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Threshold Concepts

A concept is "..a unit of thought or element of knowledge that allows us to organize experience," (Donald, 2001, p. 9)

Threshold Concepts

  • The core concepts and capabilities which the students MUST have to successfully transition to both subsequent courses and future employment
  • First defined by Meyer and Land (2003) as being:
    • Transformative (accessibility to the previously inaccessible - ways of thinking and functioning)
      • A mandatory feature of threshold concepts
    • Integrative (of previously perceived unrelated aspects)
      • Are constructed and reconstituted rather than revelatory
    • Troublesome (seemingly tacit, incoherent, counter-intuitive)
      • "Real learning requires stepping into the unknown, which initiates a rupture in knowing. The interval of difficulty that follows exposure to existentially unfamiliar, educationally critical material can be understood as a response to that rupture," (Schwartzman, 2010, p. 38).
      • Similar to Piaget's idea of adaptation (equilibration/disequilibration)
      • Intellectual uncertainty
    • Bounded (contextually and conceptually)
        • Tend to be discipline specific (systemized, logical taxonomy, methods of validation)
          Particular 'ways of knowing'
    • Once attained they are perhaps irreversible
  • Considered critical for a student to progress, leading to previously inaccessible ways of thinking and constructing knowledge (processing information in new ways)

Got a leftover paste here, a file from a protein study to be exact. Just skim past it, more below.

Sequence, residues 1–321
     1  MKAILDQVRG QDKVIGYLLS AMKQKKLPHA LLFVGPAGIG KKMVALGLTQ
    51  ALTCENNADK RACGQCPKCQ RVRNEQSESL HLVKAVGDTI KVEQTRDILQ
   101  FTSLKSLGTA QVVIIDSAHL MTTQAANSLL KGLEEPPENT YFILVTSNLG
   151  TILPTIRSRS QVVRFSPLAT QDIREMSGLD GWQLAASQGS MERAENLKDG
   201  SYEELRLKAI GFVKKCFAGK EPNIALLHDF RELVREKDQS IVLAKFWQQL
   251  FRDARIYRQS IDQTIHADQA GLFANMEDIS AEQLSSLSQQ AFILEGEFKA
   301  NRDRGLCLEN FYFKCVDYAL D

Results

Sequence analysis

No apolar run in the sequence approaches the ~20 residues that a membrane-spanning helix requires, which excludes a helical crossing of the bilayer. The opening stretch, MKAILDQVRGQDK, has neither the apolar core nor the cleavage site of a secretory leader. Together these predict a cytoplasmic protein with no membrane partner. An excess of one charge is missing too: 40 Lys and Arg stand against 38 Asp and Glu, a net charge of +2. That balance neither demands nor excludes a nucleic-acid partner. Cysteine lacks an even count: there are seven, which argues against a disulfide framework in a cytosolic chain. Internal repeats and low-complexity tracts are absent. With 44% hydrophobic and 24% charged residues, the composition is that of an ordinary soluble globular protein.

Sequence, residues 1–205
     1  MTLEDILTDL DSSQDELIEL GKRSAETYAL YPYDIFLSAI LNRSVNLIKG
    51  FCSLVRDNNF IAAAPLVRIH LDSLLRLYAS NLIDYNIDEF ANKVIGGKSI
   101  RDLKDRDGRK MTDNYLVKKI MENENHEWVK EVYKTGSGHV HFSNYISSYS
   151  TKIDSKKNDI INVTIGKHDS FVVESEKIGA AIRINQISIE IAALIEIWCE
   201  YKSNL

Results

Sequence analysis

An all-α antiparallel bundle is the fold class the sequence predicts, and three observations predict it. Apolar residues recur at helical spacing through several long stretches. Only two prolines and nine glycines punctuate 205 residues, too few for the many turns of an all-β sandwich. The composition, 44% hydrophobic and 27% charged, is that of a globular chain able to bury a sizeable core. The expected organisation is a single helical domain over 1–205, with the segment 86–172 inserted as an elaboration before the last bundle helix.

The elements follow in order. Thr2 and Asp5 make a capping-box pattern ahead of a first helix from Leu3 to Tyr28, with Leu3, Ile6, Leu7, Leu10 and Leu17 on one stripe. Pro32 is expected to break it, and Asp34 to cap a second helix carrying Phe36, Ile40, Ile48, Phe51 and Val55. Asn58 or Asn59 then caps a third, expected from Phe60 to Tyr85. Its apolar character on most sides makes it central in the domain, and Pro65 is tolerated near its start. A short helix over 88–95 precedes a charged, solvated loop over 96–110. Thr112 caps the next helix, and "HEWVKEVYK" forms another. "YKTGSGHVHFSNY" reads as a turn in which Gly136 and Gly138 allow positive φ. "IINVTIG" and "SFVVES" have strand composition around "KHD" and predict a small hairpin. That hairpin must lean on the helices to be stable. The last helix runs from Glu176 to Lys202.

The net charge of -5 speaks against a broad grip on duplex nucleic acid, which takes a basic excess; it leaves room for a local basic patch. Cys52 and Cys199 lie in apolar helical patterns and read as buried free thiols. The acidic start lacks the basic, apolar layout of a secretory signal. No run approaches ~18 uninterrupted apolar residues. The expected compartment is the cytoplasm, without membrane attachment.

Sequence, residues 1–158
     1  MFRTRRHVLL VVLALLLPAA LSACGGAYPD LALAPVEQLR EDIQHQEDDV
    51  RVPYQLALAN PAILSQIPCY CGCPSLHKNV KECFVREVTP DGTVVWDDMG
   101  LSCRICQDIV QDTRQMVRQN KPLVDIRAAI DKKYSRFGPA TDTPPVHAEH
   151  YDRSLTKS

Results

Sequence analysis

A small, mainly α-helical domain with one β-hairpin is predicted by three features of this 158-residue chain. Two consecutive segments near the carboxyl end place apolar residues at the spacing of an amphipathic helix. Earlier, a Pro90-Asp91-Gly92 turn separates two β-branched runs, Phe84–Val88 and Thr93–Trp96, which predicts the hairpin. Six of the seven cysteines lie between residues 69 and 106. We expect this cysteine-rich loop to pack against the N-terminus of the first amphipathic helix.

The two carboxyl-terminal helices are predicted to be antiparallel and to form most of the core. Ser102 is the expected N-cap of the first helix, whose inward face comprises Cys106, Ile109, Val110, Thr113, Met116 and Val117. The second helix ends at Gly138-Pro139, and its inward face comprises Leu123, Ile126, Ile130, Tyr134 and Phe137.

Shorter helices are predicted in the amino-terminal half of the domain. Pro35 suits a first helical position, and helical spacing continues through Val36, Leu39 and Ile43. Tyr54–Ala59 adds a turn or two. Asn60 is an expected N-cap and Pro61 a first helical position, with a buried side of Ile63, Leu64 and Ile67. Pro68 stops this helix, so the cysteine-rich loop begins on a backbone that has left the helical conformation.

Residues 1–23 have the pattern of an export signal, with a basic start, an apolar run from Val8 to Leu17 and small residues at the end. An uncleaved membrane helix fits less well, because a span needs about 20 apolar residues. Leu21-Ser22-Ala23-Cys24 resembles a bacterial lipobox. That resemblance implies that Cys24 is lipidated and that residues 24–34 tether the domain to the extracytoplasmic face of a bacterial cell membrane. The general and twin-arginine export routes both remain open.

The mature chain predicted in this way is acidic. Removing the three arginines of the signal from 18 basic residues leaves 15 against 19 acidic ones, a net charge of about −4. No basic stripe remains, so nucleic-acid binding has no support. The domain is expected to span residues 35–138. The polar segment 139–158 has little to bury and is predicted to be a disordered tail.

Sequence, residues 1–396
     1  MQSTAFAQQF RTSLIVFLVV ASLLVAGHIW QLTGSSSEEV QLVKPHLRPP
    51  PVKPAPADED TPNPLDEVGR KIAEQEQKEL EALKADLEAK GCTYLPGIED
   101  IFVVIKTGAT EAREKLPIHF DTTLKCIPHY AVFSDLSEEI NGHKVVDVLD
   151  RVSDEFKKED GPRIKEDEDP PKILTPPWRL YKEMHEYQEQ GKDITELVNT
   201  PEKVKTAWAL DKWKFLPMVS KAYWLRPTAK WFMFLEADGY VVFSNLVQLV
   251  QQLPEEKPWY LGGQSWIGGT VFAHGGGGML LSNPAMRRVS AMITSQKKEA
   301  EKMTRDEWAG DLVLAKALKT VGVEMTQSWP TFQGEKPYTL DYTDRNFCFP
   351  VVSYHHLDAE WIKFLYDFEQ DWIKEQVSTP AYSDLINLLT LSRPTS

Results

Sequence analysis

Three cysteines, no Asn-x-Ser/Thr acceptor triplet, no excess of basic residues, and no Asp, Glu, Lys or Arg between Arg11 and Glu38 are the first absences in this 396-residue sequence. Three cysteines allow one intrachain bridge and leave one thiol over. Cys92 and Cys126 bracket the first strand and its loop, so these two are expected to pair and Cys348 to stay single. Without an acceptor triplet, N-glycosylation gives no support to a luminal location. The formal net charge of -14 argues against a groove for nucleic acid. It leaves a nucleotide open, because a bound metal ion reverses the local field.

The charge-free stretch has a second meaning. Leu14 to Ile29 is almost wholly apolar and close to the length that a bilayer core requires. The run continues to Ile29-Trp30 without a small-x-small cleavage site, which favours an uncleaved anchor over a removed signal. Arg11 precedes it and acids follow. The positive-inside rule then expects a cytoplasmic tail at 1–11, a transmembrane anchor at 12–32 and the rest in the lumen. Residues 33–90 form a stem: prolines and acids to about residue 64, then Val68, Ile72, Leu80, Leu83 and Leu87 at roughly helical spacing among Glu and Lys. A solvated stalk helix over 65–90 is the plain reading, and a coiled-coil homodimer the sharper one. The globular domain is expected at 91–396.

• Are required to be able to progress to higher levels of functioning
  • Are systems of ideas and ways of thinking that enable the construction of new knowledge (Perkins, 2006)

Threshold Concepts Model


Threshold concepts are your critical course goals (student capabilities/behaviors) that guide your course development and decision-making.

Teacher Role

  • Design courses that:
  • Establish opportunities for small successes (progressions)
  • Provide authentic experiences (via scaffolding)
  • Engage and stimulate the thinking processes and behaviors (Donald, 2001) of:
      • Description
      • Selection
      • Representation
      • Inference
      • Synthesis
      • Verification
  • Provide collaborative learning opportunities to rigorously examine concepts, perspectives, processes, relationships, and paradigms

References and Resources

May 26, 2022